I have to give a high five to Ed Welch and John Hooks, who have run the bridge preservation program for the last 10 years. They really should be commended for their effort in this area.

Bridge expansion joints always get attention at the regional and national meetings of the TSP2 Bridge Preservation Partnership and they are part of roundtable peer exchange discussions. Needless to say, Watson Bowman Acme was one of the first National Members of the TSP2 Bridge Preservation Partnership.

I was involved early on with TSP2 as an industry director for the Western Bridge Preservation Partnership (WBPP). I was also the chair of the team that worked on developing the Bridge Expansion Joint Pocket Guide through the FHWA Bridge Preservation Expert Task Group (BP-ETG). The Guide, which provides a state-of-the-art knowledge about bridge expansion joint, is currently in a draft phase. I worked closely with Ralph Dornsife of Washington DOT and Tony Brake of Caltrans on the draft Pocket Guide, which encompasses every type of joint systems, including both large, medium and small movements, as well as best practices based on movement criteria.   There have been a number of funded research studies on bridge joints through NCHRP. Certainly, the SCAN Team Report NCHRP Project 20 68A has taken center stage as a reference document. The AASHTO New Small Bridge Expansion Joints Guide that stems from NCHRP 12-100 is regarded as reference document for small joints.

Through the TSP2 Bridge Preservation Partnership, I have also got involved with the Local Technical Assistance Program (LTAP) programs, which provides a valuable opportunity to reach out to local and city county agencies. Definitively, being part of the TSP2 group has been beneficial to Watson Bowman Acme and to me personally.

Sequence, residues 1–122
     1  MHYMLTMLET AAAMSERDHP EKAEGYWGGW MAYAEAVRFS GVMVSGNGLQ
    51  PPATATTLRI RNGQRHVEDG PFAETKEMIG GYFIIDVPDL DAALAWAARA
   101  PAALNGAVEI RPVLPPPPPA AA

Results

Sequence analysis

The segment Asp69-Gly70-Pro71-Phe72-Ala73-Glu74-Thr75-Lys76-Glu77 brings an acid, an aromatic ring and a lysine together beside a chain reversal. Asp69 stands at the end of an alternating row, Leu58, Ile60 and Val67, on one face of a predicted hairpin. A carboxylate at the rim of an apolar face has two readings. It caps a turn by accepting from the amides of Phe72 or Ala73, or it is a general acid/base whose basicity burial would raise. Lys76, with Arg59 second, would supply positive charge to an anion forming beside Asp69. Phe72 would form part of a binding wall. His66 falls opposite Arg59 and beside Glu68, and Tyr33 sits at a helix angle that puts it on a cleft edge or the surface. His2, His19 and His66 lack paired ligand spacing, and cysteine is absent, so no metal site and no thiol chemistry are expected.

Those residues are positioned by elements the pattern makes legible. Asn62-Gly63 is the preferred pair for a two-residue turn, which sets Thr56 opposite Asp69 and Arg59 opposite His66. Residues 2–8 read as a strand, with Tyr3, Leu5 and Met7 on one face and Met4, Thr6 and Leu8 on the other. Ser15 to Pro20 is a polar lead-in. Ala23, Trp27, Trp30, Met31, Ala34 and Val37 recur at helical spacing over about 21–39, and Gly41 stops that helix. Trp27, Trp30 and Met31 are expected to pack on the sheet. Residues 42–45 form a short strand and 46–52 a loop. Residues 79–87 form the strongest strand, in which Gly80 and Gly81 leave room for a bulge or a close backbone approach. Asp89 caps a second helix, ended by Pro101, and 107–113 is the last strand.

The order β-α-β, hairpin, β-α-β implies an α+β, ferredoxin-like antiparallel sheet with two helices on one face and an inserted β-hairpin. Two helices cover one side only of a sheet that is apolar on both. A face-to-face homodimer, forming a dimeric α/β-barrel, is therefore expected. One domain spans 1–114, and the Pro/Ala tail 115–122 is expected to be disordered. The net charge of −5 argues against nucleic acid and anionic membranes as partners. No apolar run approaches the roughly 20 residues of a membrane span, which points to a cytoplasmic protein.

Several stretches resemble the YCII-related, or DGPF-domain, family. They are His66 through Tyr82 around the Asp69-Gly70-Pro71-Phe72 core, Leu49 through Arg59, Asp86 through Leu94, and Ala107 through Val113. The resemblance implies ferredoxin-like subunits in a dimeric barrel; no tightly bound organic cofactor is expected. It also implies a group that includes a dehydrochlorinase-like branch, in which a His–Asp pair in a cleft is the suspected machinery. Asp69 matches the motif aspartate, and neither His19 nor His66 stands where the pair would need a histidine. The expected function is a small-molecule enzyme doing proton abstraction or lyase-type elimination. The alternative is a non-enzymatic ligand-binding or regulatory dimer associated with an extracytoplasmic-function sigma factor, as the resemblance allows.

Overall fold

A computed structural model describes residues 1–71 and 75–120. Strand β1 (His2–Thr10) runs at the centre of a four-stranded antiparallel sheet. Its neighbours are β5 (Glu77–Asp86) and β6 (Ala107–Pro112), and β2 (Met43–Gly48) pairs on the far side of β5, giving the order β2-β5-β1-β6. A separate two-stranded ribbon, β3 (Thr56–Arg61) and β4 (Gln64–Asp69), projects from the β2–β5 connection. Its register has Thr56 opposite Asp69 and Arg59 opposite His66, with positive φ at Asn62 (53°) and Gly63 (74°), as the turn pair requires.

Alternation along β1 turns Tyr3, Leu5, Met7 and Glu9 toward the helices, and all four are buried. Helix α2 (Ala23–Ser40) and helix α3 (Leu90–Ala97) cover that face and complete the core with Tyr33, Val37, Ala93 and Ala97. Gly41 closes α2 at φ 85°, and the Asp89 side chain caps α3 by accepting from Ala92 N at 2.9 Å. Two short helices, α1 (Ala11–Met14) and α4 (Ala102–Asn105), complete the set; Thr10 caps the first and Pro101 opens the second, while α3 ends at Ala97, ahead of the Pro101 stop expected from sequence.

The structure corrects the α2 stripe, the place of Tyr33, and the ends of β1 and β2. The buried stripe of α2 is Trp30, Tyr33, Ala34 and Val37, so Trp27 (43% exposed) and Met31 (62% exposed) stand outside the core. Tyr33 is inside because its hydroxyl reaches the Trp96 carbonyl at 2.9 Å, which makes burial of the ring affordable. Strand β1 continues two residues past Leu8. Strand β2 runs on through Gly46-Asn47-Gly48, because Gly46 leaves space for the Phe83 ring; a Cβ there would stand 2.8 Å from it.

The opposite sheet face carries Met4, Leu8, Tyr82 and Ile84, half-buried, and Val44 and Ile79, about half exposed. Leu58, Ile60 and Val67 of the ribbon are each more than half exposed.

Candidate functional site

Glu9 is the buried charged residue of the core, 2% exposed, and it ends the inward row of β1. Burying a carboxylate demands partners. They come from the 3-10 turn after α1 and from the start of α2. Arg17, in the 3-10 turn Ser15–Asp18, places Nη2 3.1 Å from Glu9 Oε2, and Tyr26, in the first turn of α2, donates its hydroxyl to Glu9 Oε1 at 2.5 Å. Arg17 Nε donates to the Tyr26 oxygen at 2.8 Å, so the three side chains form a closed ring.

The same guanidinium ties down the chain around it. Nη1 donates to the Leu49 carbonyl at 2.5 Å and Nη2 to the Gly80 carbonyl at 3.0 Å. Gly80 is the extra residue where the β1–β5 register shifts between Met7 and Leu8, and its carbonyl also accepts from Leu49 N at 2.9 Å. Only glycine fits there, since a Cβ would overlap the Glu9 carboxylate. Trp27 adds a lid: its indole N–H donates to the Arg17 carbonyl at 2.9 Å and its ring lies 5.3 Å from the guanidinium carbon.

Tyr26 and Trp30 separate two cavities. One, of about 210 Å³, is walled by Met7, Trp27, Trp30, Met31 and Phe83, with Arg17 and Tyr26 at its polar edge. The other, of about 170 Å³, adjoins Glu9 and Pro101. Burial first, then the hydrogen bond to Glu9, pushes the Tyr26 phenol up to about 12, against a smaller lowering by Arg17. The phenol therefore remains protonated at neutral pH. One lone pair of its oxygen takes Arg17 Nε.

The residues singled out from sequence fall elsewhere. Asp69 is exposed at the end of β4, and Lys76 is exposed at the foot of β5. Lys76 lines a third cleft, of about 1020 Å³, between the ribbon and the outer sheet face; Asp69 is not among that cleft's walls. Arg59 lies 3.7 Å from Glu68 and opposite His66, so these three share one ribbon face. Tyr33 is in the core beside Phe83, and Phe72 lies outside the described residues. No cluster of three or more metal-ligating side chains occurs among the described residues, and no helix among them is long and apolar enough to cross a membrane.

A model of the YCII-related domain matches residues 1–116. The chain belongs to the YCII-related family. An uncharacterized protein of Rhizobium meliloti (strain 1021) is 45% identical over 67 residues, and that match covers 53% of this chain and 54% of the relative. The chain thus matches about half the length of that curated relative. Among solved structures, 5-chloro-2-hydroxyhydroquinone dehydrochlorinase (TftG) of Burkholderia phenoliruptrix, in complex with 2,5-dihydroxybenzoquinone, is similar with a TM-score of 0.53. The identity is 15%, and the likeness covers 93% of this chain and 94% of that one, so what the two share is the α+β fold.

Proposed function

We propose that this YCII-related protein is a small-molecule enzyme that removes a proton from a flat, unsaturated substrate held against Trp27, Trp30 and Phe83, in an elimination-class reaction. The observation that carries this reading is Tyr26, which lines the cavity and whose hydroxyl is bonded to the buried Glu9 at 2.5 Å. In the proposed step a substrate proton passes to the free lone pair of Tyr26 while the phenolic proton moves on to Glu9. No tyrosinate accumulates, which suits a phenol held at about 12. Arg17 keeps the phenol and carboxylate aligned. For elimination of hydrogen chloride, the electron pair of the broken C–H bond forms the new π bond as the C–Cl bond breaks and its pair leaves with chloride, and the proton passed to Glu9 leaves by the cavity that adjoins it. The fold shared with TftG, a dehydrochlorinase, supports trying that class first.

Do you have any recommendations for the TSP2 Bridge Preservation Partnership in order to increase the value that it provides to manufacturers like Watson Bowman Acme?

It would be great to have more contractors involved in the TSP2 Bridge Preservation Partnership meetings along with different departments within the DOTs. I would love to see representatives from bridge design, construction, maintenance and materials at roundtables, sharing their perspectives and challenges. As an industry representative, I see a level of disconnection between the engineers who write policies, those who approve materials and technologies and those that oversee joint installations or the repair of joints.

I must underscore the importance of having contractors at the roundtables since they can certainly bring great depth to the discussion and awareness of problems. Awareness is the first step in fixing what isn’t working.

The outdoor demonstrations that are organized the National Meetings of the TSP2 Bridge Preservation Partnership provide a lot of valuable information to those who want to learn about best practices. The session that was organized at the last National Meeting that took place in Orlando in 2018 was outstanding from an industry perspective

Would you like to have outdoor demonstrations at the four annual Regional Partnership meetings of TSP2?

No, I am not advocating four demonstrations every year at each regional Bridge Preservation Partnership meeting of TSP2. I am satisfied with one outdoor demonstration session every four years at the National Meeting.  I was hoping to have the opportunity for the outdoor demonstration in 2022. However, the National Meeting, which brings together the four TSP2 Regional Partnerships, will not take place this year. I presume it was postponed due to the COVID pandemic.

Could you say a few words about things you enjoy doing in your free time? Do you have any hobbies?

In my free time I love to garden. Whether ornamental or food, I find it satisfying and, at times, a good escape from the day’s challenges.